Many people have fond memories of days gone by, better days. Days of neighbors chatting over the fence while watering lawns, of the whole family gathering around the one TV in the house to watch the show they’ve waited for all week long, of families going to church on Sundays, and meeting up with friends and neighbors at the annual town picnic.
I had the feeling that I had stepped back in time—to a better time—when I went to Austin, Texas, for the Central Texas Children’s Home benefit dinner. Central Texas Children’s Home (CTCH) still employs houseparents, a model of care for abused children that is almost extinct in the U.S. As I visited with one of the couples who cares for kids, I was moved by the truth that their work with kids isn’t a job to them; loving wounded children into wholeness is their ministry.
I spoke to all the kids at the home, and I marveled at how well-behaved and articulate they were. Vincent excitedly told how he had been accepted at TCU. Kaitlyn is a writer destined to be published. All the kids have dreams and hopes that those dreams will be fulfilled. How different are the attitudes of those kids and the life choices they’re making from many of the kids I have met in the child welfare system across the country.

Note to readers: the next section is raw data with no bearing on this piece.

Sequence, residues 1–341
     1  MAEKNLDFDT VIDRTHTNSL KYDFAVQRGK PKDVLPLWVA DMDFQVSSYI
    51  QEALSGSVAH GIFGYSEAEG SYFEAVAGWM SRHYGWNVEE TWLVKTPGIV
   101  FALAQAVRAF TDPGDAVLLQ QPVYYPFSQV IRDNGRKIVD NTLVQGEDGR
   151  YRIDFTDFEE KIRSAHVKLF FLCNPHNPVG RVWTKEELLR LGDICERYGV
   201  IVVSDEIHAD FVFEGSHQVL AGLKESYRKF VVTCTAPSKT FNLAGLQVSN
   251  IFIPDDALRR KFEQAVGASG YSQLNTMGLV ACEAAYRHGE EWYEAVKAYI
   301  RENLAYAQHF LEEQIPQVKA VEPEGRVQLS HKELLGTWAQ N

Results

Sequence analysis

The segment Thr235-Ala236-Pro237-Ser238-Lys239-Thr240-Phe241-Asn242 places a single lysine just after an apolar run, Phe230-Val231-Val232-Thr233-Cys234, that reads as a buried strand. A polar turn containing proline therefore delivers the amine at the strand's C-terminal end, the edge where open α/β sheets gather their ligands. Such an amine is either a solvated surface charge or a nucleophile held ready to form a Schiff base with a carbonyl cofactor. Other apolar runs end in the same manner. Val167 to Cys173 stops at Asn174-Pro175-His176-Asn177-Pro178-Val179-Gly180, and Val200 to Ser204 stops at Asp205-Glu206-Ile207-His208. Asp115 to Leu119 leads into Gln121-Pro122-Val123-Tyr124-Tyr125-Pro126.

Too many of the young people in foster care who I have met have “vacant eyes.” You can see in their faces that they feel hopeless. The don’t excitedly share their hopes and dreams, and plans for their good futures. Perhaps because they have none. They seem to be incapable of visualizing any future beyond the dismal present they’re in.
It appears that they have heard, seen, and felt nothing that would lead them to any different conclusion. The result seems to be souls that are on life support. Instead of talking about what school they want to attend and what they plan to do with their lives, they talk about their victimization. They seem to wear their “victim points” as badges of honor. They’re not looking forward. They’ve become firmly entrenched in the past. It appears that in their minds, victimhood is where their worth and value lies.
It’s not that the kids at Central Texas Children’s Home have been through less trauma. They have not. They’re bright, but perhaps no more so than other kids in foster care across the country. So, to what can we attribute the differences in the attitudes, behaviors, and choices they’re making?